Below are a few notes, in italics, that I made sometime in June.  Though only five months have passed, it seems like eons.  The non-italicized font are my current thoughts.  As always, caveat emptor, especially in light of the time, and my near-depleted mental, emotional and physical batteries.

Culture shock curve

The following was cribbed from UNESCO and written for Peace Corps types going abroad for the first time.  I’m sure that it applies to INSEAD “participants” as well.

The curve of cultural adaptation during a medium or long-term stay abroad

You will not always feel the same way during the time of your stay. This is normal and would happen to you if you stayed in your own country as well. Every person is different and reacts in a different way; nonetheless there are some elements of a stay abroad that are experienced in a similar way by many people.

The following curve will cause stomachaches to scientists and other lovers of academic approaches but it is believed to be a useful indicator of the different phases of a stay abroad.

The hypothetical Curve of cultural adaptation during a six month stay abroad

When you first arrive chances are high that you will find everything very exciting, exotic and fascinating as if you entered a film. Everybody is nice to you and as a foreigner you are allowed to make almost any kind of mistake. This phase of initial euphoria may be more or less long according to how much the reality you find differs from what you expected.

After some time you will find that routine sets in your daily life. You get used to the street scenes around you and you more or less know the people whom you cross at work or in your free time. The touristic aspect of a visit to an exotic place gives way to your first frustrating experiences and incomprehension about people behaving the way they behave. Your counterparts are also not as willing anymore to forgive you all of your mistakes.

You are there long enough to generally know the place, but not long enough to have gained real friends or to feel at home. You see a number of behaviours that are unacceptable or at least strange for you and you cannot see the underlying value system yet. Culture is more than the sum of its visible and tangible elements (music, dance, cuisine, language etc). Many elements of a culture are invisible and it is not easy to identify the social, religious and historical factors that motivate them (use of space and time, taboos, beliefs and values). You feel a need to explain and defend yourself very often which is very tiresome and you feel bewildered by the way people communicate and act around you. You will experience a phase of “culture shock.” The experience of this phase again depends on many factors, such as how different the culture you are experiencing is from your own, your ability to express yourself in the language of the region and how much the people you are dealing with, know about your own culture. You will realise that you are under “Culture Shock” when you start feeling easily frustrated, you overreact and behave in a defensive way. You easily get the impression that all your problems are linked to the fact that you are abroad. The adaptation process to a foreign culture demands a lot of energy from you.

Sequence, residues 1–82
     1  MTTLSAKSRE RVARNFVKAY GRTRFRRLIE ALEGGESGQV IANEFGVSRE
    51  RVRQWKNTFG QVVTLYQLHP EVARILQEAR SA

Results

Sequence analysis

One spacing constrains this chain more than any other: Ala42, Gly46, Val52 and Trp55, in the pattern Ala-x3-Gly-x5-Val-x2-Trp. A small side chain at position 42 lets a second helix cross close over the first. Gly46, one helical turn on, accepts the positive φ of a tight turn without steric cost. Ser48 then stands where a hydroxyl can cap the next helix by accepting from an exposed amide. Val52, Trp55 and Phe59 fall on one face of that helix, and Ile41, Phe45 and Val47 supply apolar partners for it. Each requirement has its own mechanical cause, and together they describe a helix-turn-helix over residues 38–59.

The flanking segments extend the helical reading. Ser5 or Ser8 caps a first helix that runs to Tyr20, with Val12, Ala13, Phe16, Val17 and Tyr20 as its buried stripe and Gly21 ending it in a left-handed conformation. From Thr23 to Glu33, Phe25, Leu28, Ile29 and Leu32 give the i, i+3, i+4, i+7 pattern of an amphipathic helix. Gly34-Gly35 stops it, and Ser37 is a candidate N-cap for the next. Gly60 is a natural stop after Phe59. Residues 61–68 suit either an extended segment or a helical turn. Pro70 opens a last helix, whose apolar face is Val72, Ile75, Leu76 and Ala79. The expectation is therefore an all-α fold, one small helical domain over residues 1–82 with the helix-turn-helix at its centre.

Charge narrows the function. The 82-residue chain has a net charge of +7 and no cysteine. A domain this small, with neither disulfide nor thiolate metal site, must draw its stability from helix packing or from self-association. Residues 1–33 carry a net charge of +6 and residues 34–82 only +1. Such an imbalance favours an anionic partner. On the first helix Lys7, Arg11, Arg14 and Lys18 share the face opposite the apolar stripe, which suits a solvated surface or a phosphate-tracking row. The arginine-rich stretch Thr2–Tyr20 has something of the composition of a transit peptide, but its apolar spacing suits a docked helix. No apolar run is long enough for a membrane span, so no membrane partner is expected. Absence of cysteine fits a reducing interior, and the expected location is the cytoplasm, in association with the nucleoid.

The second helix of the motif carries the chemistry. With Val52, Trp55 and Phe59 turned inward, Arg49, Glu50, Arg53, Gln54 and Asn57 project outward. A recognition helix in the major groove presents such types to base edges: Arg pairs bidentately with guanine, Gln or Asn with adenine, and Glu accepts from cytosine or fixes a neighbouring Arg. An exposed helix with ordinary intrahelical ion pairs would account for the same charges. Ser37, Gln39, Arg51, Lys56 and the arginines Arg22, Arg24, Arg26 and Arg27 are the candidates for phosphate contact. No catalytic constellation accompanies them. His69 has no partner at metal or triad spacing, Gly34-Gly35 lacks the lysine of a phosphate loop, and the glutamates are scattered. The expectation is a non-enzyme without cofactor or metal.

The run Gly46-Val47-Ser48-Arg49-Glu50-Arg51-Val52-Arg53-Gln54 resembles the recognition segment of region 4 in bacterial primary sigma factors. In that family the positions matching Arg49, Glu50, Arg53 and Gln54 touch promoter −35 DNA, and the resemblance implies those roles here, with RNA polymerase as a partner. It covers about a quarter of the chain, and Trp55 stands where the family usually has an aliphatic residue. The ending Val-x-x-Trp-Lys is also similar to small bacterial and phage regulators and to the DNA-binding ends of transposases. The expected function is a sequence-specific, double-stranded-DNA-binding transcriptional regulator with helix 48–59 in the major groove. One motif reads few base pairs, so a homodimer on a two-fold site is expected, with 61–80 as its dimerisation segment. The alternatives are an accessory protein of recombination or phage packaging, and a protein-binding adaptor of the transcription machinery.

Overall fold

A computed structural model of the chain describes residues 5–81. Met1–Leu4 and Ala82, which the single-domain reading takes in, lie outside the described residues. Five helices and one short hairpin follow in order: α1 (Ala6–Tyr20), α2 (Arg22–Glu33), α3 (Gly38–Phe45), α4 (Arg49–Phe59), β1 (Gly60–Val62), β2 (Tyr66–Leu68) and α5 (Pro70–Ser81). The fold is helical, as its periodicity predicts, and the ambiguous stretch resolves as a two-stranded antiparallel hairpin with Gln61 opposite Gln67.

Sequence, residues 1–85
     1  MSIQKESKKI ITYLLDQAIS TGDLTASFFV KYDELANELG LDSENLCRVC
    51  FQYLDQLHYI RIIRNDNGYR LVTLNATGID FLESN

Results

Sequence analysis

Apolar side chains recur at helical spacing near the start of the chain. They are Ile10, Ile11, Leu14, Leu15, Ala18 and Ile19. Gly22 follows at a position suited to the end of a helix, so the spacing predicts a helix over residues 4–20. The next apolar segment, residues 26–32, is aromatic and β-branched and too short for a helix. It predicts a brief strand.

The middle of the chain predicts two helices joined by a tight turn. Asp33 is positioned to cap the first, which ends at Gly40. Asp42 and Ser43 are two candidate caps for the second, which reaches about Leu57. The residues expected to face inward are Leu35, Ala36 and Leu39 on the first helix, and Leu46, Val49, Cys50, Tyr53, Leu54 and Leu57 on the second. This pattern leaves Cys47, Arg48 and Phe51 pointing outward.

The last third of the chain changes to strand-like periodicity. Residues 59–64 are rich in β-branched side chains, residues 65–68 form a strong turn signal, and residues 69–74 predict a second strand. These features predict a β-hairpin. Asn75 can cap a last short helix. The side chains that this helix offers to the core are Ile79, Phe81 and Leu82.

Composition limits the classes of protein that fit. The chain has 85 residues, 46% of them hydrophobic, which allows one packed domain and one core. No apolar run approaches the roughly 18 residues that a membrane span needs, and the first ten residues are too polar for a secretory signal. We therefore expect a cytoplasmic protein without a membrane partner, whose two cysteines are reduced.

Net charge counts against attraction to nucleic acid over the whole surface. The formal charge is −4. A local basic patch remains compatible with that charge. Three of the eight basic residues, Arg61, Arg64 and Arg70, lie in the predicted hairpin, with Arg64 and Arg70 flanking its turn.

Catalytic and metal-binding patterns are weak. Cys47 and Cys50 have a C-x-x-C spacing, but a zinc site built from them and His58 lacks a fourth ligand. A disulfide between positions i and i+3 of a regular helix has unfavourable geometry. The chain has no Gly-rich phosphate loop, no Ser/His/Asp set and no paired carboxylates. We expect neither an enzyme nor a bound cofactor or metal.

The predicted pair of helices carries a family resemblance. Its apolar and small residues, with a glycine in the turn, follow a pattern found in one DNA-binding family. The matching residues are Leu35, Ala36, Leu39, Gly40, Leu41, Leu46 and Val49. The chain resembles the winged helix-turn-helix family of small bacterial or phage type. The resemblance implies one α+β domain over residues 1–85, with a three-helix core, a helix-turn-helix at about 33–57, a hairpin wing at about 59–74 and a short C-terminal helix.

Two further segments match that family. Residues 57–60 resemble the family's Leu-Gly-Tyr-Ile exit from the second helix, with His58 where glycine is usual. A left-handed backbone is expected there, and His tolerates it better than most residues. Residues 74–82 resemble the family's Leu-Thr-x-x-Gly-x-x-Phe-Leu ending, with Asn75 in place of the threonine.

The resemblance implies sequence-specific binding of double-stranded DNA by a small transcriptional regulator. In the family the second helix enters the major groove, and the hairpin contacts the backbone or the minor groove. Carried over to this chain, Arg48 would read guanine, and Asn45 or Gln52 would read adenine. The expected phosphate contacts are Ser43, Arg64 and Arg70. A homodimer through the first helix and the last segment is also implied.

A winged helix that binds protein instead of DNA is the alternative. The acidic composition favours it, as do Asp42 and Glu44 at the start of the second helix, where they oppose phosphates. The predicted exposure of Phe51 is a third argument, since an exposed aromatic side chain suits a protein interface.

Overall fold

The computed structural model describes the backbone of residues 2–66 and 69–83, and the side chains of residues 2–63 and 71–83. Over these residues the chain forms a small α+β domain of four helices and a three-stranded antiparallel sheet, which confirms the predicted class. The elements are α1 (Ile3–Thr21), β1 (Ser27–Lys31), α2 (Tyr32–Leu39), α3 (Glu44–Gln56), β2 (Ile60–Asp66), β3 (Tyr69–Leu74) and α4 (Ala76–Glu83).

After the phase of cultural shock you enter a phase of acculturation and stability. You will gain more and more inside knowledge and understanding about the underlying mechanisms that influence the behaviour of the people around you; you will start being able to see things through their eyes. It does not necessarily mean that you agree with everything they do or that you change your own way of doing things completely. According to the intensity and duration of your stay and your own convictions, you will take over some of the things that you experience, while maintaining others from your own culture. You will disagree with some ways of living that you experience but you should aim at being able to understand why they developed the way they did.

If you stuck a piece of cultural litmus paper on my tongue, I’m fairly certain that it’d come back bright chartreuse, indicating, with 95% probability, a strong presence of Stage 3 Culture Shock.  Now to all my French friends and readers, this isn’t a slight on your culture, beliefs, heritage, lifestyle, race, creed, color, sexual preference, affinity for baguettes, etc.  so much as a commentary on the INSEAD bubble and all the madness that’s associated with acclimating to it.

I’ve lived through it, and think I can do it again, but can I? I was a lot younger. I’ve lived in other places, but I’ve always known people.

Well, a large part of the INSEAD experience is bonding with folks who’re just like you; thrown into the middle of a forest, be it made of wood in Fontainebleau or concrete in Singapore, and forced to figure it all out.  Exogenous shocks to stable systems  always make for a good time.  If you’re the type who can’t cope with inconsistent sleep, constant socializing, bricks of work in your backpack, implicit competition of a cut-throat variety and general madness, you may want to reconsider your choice of INSEAD as a school.  If, however, you thrive on structured chaos, this is the place for you, though I think it does help to be younger and more malleable.

What happens when you mix attractive, scathingly intelligent, articulate, world-hopping people, with a 3:1 M:F ratio, lots of booze in a strange environment? I think I’ve seen this movie before, and it wasn’t in the Disney section.